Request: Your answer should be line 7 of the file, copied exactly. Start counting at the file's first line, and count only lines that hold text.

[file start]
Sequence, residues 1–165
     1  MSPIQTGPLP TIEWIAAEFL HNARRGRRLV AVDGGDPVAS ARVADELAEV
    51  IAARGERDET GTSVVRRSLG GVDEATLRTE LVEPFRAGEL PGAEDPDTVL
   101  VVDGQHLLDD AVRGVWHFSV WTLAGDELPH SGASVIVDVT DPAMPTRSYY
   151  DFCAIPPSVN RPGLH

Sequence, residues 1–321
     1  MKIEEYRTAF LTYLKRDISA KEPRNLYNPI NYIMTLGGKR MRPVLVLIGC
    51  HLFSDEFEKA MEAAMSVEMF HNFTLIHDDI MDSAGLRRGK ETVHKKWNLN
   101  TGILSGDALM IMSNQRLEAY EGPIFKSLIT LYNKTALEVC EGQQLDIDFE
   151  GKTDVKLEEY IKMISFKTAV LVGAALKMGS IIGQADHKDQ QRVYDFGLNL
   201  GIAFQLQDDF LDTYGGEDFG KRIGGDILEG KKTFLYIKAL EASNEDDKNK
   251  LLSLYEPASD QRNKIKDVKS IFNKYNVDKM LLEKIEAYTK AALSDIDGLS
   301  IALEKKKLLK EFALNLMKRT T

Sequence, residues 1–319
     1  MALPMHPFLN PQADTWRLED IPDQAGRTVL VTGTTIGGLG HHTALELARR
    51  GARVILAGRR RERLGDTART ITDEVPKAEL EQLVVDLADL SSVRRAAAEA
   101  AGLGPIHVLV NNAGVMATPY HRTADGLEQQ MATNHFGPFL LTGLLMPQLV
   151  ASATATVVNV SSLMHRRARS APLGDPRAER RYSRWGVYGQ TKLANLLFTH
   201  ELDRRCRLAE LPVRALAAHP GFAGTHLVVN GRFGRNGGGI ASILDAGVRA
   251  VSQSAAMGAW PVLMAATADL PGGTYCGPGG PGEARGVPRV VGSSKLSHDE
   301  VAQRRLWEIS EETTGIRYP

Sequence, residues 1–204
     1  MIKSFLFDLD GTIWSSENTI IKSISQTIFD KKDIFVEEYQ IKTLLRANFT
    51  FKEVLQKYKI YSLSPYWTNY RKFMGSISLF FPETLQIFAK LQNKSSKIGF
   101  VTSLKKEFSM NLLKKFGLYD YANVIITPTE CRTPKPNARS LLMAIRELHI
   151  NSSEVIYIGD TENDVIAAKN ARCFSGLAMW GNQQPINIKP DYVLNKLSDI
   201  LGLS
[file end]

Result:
     1  MKIEEYRTAF LTYLKRDISA KEPRNLYNPI NYIMTLGGKR MRPVLVLIGC